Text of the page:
2. those nerds need to get laid
  3. There's an 86 year old out there on a motorbike? :shock:
  4. I'd like to know how riders involved in fatal accidents managed to come back from the dead to fill out the survey! I know it probably means riders who were involved in an accident and survived, but someone else was killed eg. pedestrian, pillion. But this must artificially skew the figures for fatal accidents down to almost zero.
  5. That is an excellent point. It would lead to a skew in the results... But for those figures you'd bee looking at places like the VicRoads crash data website rather than an interview study like this. :)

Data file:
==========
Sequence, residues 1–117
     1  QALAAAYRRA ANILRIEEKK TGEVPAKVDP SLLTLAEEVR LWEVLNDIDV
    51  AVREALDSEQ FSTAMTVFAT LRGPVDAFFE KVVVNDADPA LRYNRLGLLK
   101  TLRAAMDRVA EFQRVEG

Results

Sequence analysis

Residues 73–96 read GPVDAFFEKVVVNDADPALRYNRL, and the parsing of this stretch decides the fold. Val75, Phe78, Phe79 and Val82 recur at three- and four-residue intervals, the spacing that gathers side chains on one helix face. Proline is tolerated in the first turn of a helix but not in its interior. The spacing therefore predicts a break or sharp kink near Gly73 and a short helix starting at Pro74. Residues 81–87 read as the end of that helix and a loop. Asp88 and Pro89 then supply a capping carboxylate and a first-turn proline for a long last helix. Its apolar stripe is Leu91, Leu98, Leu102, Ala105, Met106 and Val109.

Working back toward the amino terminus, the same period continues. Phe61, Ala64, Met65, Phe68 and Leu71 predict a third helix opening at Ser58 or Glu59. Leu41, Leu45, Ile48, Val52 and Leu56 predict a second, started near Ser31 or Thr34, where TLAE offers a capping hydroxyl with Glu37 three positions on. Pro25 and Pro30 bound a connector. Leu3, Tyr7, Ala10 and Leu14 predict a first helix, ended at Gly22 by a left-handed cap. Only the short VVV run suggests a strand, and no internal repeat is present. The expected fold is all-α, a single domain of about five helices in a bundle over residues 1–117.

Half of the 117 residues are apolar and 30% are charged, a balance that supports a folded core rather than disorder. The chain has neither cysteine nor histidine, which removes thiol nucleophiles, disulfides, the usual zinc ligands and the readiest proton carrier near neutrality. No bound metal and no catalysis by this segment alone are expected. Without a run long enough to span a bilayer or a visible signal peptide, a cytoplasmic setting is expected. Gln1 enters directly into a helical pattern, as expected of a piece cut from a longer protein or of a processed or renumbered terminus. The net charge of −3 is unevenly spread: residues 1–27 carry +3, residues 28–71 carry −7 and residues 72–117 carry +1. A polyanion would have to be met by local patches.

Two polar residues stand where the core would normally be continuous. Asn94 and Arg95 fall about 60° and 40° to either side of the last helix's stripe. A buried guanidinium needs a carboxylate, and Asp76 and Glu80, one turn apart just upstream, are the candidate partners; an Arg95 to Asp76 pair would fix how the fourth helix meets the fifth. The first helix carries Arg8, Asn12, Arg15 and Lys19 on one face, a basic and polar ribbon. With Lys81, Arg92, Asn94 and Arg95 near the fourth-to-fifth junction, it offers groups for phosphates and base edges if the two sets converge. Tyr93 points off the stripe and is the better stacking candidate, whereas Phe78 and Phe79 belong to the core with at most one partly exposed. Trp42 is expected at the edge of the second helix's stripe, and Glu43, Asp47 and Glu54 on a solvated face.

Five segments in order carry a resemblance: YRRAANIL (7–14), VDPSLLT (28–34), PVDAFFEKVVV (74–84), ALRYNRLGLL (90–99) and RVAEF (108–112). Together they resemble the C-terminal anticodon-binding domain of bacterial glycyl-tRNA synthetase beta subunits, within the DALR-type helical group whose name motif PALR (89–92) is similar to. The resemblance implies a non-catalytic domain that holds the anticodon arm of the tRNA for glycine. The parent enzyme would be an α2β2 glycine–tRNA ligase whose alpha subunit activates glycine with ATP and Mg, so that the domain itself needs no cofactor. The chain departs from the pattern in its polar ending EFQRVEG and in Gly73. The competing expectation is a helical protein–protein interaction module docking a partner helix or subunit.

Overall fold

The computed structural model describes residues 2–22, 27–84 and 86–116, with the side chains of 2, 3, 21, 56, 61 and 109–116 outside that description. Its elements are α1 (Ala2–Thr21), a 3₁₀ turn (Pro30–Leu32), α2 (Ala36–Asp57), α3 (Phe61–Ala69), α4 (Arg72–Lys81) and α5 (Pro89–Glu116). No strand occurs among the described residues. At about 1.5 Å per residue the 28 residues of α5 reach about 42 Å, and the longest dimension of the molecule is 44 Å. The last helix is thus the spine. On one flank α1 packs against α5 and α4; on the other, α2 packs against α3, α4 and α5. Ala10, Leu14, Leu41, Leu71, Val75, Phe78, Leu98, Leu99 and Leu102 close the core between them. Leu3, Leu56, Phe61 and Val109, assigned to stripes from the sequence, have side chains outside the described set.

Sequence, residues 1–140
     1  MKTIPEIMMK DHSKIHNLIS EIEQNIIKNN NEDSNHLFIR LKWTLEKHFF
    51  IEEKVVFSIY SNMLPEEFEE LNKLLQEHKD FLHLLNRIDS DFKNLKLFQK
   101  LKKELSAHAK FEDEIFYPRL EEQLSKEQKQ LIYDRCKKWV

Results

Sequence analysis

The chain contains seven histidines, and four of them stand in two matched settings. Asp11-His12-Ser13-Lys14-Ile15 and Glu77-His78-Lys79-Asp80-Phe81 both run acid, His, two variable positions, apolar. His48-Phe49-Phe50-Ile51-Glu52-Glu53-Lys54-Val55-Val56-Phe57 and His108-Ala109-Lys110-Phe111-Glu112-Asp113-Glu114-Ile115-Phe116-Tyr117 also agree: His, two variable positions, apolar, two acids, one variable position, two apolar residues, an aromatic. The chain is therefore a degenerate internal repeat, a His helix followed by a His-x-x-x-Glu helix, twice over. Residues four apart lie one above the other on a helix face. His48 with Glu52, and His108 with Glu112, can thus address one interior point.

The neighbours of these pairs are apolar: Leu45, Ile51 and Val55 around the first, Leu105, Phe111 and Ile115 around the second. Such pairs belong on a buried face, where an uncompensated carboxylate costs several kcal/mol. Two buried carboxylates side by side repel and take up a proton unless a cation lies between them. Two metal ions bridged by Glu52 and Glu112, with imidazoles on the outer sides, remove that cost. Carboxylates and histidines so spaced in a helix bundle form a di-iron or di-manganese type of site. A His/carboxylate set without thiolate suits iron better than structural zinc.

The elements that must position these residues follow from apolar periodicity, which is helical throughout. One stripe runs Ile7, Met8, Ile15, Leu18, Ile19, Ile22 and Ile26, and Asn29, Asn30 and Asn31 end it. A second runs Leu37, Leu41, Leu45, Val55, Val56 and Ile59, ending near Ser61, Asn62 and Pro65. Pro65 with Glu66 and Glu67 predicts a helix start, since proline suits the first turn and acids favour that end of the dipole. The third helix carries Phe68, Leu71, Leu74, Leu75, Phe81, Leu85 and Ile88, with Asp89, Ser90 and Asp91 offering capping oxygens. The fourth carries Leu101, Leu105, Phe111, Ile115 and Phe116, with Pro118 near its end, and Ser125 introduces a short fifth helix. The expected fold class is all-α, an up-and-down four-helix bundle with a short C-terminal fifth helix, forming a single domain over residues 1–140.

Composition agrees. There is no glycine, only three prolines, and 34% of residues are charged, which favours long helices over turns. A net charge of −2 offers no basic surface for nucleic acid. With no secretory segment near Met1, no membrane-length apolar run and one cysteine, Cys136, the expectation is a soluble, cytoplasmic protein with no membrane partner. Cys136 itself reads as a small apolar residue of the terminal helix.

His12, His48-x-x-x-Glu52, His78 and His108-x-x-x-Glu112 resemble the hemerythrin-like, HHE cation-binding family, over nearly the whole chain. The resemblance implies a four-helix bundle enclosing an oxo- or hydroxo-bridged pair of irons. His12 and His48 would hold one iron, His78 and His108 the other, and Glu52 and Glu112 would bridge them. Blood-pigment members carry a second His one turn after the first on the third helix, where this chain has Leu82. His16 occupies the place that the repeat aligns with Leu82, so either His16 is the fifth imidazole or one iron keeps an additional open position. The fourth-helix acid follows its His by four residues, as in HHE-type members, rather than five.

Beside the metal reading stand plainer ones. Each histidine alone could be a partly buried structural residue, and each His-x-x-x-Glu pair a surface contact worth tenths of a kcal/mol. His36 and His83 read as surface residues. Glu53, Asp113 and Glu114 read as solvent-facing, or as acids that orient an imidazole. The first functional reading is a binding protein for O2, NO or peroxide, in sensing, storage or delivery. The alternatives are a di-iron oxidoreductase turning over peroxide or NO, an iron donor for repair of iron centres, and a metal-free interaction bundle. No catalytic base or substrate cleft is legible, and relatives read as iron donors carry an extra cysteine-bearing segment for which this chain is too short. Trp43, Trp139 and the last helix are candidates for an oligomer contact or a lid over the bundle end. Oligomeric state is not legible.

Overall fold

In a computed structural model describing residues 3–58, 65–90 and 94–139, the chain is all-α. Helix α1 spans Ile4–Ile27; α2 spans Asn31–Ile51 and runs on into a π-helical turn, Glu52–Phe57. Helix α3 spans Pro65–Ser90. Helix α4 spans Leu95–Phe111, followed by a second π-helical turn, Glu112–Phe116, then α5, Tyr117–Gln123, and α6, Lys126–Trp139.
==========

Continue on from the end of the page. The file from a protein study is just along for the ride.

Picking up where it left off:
6. I'd like to see the raw results. There wasn't much analysis in that analysis.
  7. It's a preliminary report to get the detail you will have to wait for the paper they hope to present at the Injury Prevention 2009 conference. You never get much detail from academics until they publish a more rigorous treatment of the data.


    It's worth getting our opinion out there. Makes it more difficult for law makers to create law without consultation.
  8. Edit: DELETE

    ^^yeah what he said. when they email that the findings are complete one of us will post the link up.
  9. 200 000kms on a bike in ONE YEAR!!! That is insane! Must be a postie that moonlights as a courier or something. 550kms a day... Can't be right. Prob that 78yo thought it was how many kms does your bike have on it...
  10. Well, he might have started riding at less than 16 yrs old.